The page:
Why Union Support for Immigrants Differed in Houston and San Francisco
By BETH HARPAZ
In the mid-1980s, the labor movement shifted from an anti-immigrant stance to positions that were more broadly supportive of immigrant rights. But a recent study found that the extent and efficacy of union support for immigrant rights programs varies depending on “local context,” which includes local politics as well as the strength of local unions and immigrant advocacy groups.
Baruch College Professor Els de Graauw co-authored the study published in Critical Sociology that compared union support for immigrant rights programs in San Francisco with that of unions in Houston. The research drew on 69 interviews conducted between 2012 and 2016 with union and immigrant rights leaders in the two cities. Researchers looked at the union and immigrant groups’ engagement with two Obama-era immigration initiatives: Deferred Action for Childhood Arrivals (DACA) and Deferred Action for Parents of Americans (DAPA).
Labor unions in both San Francisco and in Houston are “publicly committed to advancing the rights of undocumented immigrants.” But the study found that San Francisco’s progressive local politics and numerous immigrant advocacy groups enabled unions there to “build deep institutional solidarity with immigrant communities” around DACA and DAPA.
In contrast, there was far less solidarity between unions and immigrant communities in Houston, which is more divided along partisan political lines than San Francisco and which also has weaker unions and fewer immigrant organizations.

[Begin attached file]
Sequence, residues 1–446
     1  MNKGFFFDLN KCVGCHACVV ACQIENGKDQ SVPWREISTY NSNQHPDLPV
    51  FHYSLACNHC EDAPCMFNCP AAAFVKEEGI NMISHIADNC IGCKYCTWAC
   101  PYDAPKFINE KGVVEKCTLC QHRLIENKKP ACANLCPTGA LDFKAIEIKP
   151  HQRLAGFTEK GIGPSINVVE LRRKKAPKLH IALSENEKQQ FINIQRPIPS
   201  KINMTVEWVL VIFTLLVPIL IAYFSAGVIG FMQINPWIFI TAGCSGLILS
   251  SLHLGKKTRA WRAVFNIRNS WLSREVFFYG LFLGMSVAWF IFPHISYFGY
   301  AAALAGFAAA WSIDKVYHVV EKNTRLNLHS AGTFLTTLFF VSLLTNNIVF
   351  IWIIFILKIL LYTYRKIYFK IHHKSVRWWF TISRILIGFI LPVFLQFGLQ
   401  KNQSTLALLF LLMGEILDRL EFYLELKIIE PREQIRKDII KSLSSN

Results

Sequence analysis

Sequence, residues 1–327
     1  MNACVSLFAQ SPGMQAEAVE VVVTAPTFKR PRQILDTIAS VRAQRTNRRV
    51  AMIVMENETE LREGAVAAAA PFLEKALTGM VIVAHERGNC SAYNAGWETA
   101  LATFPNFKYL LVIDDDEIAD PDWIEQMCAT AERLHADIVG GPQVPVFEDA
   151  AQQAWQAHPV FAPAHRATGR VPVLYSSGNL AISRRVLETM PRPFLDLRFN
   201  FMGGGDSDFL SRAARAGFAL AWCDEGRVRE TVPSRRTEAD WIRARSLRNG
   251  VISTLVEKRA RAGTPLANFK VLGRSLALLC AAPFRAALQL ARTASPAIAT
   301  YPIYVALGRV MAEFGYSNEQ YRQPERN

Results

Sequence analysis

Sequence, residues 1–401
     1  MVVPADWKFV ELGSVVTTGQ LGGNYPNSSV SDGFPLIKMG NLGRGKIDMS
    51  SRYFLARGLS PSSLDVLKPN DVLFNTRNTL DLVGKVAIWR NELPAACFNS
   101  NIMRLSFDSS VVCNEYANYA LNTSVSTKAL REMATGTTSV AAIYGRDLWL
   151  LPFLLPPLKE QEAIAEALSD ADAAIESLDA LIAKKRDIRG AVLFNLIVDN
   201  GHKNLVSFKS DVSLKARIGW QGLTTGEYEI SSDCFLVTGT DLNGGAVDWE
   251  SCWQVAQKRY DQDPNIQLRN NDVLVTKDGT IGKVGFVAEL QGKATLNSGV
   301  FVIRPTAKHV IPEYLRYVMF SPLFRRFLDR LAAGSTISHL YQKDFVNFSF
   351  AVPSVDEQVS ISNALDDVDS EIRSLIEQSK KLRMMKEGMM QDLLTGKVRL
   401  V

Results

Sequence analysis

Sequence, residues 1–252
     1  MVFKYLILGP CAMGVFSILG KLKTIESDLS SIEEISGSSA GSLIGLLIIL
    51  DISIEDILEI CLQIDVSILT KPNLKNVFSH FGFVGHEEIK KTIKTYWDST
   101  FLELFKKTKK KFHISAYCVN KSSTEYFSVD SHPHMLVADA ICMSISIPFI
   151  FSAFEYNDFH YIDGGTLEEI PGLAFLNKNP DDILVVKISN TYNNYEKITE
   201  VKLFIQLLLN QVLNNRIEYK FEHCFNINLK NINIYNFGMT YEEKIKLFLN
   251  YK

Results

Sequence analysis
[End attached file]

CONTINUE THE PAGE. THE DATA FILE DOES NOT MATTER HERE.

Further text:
San Francisco unions, the authors wrote, “have been historically powerful actors in local politics, and they operate in a local political and civic context that facilitates deep transversal solidarity building.” The unions’ work on behalf of DACA and DAPA included opening their own center for legal services to immigrant union members and their families.
Houston unions, in contrast, are “notably weaker political actors in a more moderate political context with fewer immigrant organizations.” Their connection to DACA and DAPA was more focused on legal service referrals and media coverage.
In their conclusion, the authors note that much has been written about the U.S. labor movement’s “complicated role in pushing for federal immigration reform.” But “the national story does not necessarily determine the longer-term on-the-ground reality,” especially since “local central labor councils operate” with great autonomy.
“We need to look beyond the national immigration policies that diverse coalitions of immigrant advocates strive to enact,” the authors say, “to consider also the local strategies that emerge to implement them.”